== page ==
Home   »   Current Affairs 2024   »   Bonds and Bond Yield

Relationship Between Bonds and Bond Yield

Context: Recently, the yield on the 10-year government bond rose sharply by 9 basis points, marking the largest increase in eight months.

More In News

  • Concurrently, the Indian Rupee depreciated by 38 paise, closing at 83.53 against the dollar, representing a 0.47 per cent decrease.
  • This decline was the most significant single-day percentage drop since February of the previous year.
  • The 10-year bond yield closed at 7.0382 per cent, up from the previous closing rate of 6.9438 per cent.
  • During the day, the yields briefly peaked at 7.09 per cent, which was a 12 basis point increase.

What are Bonds and Bond Yields?

  • Bond: A bond serves as a method for raising capital and can be issued by either a corporation or a government entity.
    • Investors may acquire bonds at a value greater than the nominal amount, known as a premium, or below it, which is referred to as a discount.
  • Bond Yield: The yield on a bond reflects the earnings that an investor receives from the investment.
    • When investors purchase bonds, they are essentially extending a loan to the issuer, who in return agrees to provide periodic interest payments and return the principal amount of the bond at maturity.
    • The yield encompasses the income generated both from the interest collected and any gains from selling the bond.
    • Notably, bond prices and their yields move in opposite directions.

Relationship Between Bonds and Bond Yield

  • There is an inverse connection between bond values and their yields; as the price of bonds increases, the yield decreases.
  • Since bonds typically pay a fixed rate of interest, investors tend to offload bonds in anticipation of rising interest rates and conversely, they may acquire bonds when they predict a decrease in interest rates, causing bond prices to escalate.

Effect on Bond Investors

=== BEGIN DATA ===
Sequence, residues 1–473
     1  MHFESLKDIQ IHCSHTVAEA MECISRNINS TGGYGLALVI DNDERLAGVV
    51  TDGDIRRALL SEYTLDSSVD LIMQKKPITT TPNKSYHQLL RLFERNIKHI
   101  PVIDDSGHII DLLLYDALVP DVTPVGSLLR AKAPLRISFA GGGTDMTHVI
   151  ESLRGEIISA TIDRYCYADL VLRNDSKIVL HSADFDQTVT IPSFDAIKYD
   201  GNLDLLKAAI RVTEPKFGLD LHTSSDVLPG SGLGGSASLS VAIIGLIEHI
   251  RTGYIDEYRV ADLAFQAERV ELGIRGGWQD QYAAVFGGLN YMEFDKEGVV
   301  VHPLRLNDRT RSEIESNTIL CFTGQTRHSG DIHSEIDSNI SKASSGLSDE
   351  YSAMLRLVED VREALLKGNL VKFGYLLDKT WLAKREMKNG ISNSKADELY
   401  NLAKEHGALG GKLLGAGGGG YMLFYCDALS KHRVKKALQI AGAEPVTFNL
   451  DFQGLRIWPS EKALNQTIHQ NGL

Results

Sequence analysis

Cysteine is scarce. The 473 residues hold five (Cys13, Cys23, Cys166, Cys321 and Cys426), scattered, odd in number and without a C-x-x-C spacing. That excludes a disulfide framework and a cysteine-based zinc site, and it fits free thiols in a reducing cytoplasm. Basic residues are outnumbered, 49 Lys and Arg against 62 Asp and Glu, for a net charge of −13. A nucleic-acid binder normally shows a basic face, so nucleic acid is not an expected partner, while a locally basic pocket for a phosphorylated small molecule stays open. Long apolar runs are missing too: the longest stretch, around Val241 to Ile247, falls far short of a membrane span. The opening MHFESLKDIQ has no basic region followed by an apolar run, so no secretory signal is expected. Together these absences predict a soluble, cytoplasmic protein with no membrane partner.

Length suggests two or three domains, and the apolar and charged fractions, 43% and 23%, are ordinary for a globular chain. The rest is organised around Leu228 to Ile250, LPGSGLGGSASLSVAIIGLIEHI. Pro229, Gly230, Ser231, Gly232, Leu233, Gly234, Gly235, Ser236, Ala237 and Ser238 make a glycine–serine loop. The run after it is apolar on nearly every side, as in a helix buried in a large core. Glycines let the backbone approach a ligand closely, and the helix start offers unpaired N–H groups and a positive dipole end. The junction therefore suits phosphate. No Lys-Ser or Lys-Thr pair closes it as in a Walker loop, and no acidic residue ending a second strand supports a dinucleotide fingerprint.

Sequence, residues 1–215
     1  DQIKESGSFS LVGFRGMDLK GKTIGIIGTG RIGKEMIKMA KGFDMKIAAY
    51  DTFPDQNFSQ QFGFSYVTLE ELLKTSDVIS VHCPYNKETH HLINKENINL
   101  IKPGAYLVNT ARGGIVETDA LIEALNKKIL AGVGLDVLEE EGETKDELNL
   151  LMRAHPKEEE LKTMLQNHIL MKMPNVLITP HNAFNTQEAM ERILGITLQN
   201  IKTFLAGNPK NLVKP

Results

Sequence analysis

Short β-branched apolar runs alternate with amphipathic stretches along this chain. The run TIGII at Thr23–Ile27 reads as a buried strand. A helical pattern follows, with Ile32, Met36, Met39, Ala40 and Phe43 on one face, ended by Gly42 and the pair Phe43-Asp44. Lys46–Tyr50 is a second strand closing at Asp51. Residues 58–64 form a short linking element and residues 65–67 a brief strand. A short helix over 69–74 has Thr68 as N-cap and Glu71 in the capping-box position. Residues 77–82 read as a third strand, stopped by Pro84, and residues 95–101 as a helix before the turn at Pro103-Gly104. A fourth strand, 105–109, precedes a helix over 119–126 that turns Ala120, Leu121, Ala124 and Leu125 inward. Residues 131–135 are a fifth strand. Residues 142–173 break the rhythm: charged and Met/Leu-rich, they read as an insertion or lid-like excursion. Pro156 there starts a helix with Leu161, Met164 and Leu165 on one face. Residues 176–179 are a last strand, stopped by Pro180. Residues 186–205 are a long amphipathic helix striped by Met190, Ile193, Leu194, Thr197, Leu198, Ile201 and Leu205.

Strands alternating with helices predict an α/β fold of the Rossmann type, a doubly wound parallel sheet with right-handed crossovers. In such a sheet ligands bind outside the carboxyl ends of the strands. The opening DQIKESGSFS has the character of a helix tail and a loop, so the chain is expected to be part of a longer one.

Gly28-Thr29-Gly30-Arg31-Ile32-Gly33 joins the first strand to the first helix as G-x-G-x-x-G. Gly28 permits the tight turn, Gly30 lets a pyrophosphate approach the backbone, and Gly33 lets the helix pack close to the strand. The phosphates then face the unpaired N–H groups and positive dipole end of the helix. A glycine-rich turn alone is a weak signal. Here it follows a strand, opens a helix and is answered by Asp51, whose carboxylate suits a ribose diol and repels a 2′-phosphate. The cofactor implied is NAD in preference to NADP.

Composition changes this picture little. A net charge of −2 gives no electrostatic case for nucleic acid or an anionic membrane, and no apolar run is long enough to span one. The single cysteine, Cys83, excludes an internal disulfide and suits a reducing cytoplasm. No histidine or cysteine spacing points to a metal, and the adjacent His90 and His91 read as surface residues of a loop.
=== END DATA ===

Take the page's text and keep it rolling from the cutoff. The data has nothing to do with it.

• An uptick in bond yields suggests a market expectation of higher interest rates, prompting investors to divest from current bonds to mitigate potential losses in principal value.
  • The net asset values (NAVs) of debt funds, which include government securities, tend to drop in response to bond price depreciation triggered by escalating yields.
  • The pricing of corporate bonds, which are typically more expensive than government bonds, also experiences a downturn due to the overall fall in bond prices.
  • Debt market participants experience losses as surging yields contribute to the depreciation of bond values and the NAVs of debt-oriented funds.
  • Equity investors may feel the pinch of rising bond yields since they can lead to increased borrowing costs for businesses, which might in turn impact their profitability.
Understanding Yield Curve Inversion
  • The yield curve is a graph that plots the yields of bonds with similar credit quality across different maturities.
  • When short-term bonds yield more than their long-term counterparts, the yield curve is said to be inverted.
  • Such an inversion in the yield curve is unusual and may indicate a looming economic downturn, affecting both consumers and investors.

Sharing is caring!

About the Author

I, Sakshi Gupta, am a content writer to empower students aiming for UPSC, PSC, and other competitive exams. My objective is to provide clear, concise, and informative content that caters to your exam preparation needs. I strive to make my content not only informative but also engaging, keeping you motivated throughout your journey!

Leave a comment

Your email address will not be published. Required fields are marked *